A churchyard in Oxfordshire, England (Bill Nicholls/Wikimedia Commons)

HS2 faces grave threat from the Church of England

4 June 2014 | By David Rogers 0 Comments

Amid objections to the UK’s proposed new high-speed rail line from property owners, pressure groups, Conservative MPs, local authorities and economists, a new attack has been mounted from an unexpected quarter: 30,000 dead people.

The Church of England is objecting to the proposed route of the UK’s $84bn High Speed 2 (HS2) rail line because it will destroy several ancient cemeteries, including a 12th-century burial ground. According to church officials, more than 30,000 graves will have to be exhumed to make way for the fast trains.

The Archbishops’ Council made its criticisms in a petition to parliament against the HS2 (London–West Midlands) Bill, which grants the powers required to construct and operate phase one of HS2, between London and the West Midlands. It said the bill paving the way for the line did not provide for the bodies to be treated in a “decent and reverent” way.

The petition attacks the bill for failing to “strike a proportionate balance between the rights of the Church of England to manifest its religion … and the general needs of the community that are to be met by the works” on HS2.

The petition also says that by law, human remains interred in consecrated land are under the protection of the Church. The Department for Transport had responded by saying the remains would be treated with care.

HS2 is proving deeply divisive for the UK. In April, a paving bill for it passed comfortably in the House of Commons but led to a rebellion by 26 Tory MPs, and was passed only with the support of the opposition Labour party.

The latest challenge from within the Conservative party is from David Lidington, the Europe minister, who has threatened to resign if an extension to a 13.5km tunnel is not built under the Chiltern Hills at an additional cost of $1.6bn. He has since been joined by the justice minister, Jeremy Wright.

In the upcoming edition of Construction Research & Innovation magazine, GCR’s sister publication, there is an extended discussion of the case for and against HS2, and an interview with rail expert and London mayoral candidate, Christian Wolmar.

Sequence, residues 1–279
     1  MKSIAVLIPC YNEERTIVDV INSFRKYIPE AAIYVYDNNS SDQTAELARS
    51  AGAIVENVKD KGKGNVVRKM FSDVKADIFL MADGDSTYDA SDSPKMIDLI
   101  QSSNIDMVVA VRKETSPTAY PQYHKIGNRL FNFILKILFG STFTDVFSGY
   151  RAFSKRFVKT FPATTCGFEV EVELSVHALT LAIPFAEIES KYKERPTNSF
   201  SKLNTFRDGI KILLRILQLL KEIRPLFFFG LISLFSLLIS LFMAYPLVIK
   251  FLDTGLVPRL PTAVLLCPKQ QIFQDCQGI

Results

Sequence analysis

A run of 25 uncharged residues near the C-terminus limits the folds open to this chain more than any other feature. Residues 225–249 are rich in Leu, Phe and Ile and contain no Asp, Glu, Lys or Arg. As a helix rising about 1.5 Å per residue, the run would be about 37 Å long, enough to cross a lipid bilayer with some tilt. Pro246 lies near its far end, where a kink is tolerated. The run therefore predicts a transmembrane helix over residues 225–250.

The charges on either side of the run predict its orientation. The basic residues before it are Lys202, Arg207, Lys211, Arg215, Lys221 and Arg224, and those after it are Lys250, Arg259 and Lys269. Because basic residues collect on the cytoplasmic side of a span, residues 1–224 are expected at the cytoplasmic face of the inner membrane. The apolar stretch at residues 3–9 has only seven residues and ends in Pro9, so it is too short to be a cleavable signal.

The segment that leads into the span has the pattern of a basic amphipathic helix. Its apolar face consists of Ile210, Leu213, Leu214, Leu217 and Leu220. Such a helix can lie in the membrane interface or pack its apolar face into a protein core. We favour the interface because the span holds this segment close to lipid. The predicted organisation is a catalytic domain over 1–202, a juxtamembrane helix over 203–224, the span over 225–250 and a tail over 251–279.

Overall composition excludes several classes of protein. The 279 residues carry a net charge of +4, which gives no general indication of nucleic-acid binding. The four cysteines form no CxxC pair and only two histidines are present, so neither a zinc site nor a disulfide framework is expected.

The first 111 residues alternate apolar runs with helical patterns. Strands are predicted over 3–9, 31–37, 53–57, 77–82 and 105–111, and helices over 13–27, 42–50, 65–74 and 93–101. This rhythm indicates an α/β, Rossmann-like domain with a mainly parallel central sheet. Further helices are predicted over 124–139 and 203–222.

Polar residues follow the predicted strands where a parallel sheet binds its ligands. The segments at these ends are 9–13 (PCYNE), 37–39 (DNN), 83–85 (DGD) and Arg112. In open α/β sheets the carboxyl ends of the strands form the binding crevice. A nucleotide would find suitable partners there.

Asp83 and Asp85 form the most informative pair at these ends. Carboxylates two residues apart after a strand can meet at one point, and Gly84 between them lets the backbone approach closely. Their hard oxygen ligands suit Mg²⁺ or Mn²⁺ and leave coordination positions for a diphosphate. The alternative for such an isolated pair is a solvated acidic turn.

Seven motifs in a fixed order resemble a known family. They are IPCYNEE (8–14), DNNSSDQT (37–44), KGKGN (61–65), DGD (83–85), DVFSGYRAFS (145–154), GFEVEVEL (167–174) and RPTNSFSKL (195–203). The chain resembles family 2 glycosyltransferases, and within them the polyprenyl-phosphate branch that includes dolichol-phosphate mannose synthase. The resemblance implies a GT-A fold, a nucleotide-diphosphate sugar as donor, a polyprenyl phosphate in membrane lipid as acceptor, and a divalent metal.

“HS2 fails to strike a proportionate balance between the rights of the Church of England to manifest its religion and the general needs of the community that are to be met by the works”– Archbishop’s Council’s petition to parliament

In it, Wolmar claims that the HS2 is the solution to a problem that doesn’t exist. He said: “There is no capacity crunch, because the West Coast Mainline is not fantastically overcrowded at the moment. And, okay, there isn’t a lot of room for any more train paths, but then is there the demand for them? And if it were a Birmingham issue, surely you could do up the Chiltern Line to such an extent that it would become a genuine alternative to the London-Birmingham section?”

The plans for phases one and two of the network. The original link with HS1 has now been abandoned, although there will be an interchange with the trans-London Crossrail system at Old Oak Common (Wikimedia Commons)

He added: “One thing that’s clear is that it’s not the speed, because they’ve admitted that. It’s not taking people out of the air because we know that nobody flies to Birmingham, and not that many people fly to Manchester and those people will probably continue to that—so what is the problem that we’re addressing? Are we trying to free up places for freight? But then Coventry and Stoke and all those places left off the network will still need trains, and how many trains will they get? And if they get a much worse service, then that’s an odd price to be paying if you’re focusing on Leeds and Manchester and Birmingham. If they get the same amount of trains, then you’re not freeing up that much capacity on the West Coast mainline.”

Economy, capacity, environment

The case for HS2 was originally made in 2010 on the basis of regional development. A report by the accountant KPMG argued that 250,000 jobs would be created and that the UK economy would benefit to the tune of £15bn a year by the time the line was operational in the 2030s. These assertions were then subject to widespread criticism. Henry Overman, a professor of economic geography at the London School of Economics, and a former adviser on HS2, told a select committee of MPs that the figures were “essentially made up”.

The environmental case for the line was never strongly made by government, as most of its passengers are expected to transfer from the slower rail network rather than the high carbon modes of car and air. This has meant that the principal argument in favour of the line has come to rest on the future capacity crunch on the UK’s West Coast Mainline, which connects London and Manchester.

The second battleground is over whether the money for the line might be better spent on other aspects of the UK’s transport network. Wolmar comments: “If you wanted to build up the economy of the north, you’d build the Liverpool-to-Hull railway, that would be the most regenerative, transformational thing to do with the money; you’d unify all those towns and make them into mega regions to create a genuine alternative to London.”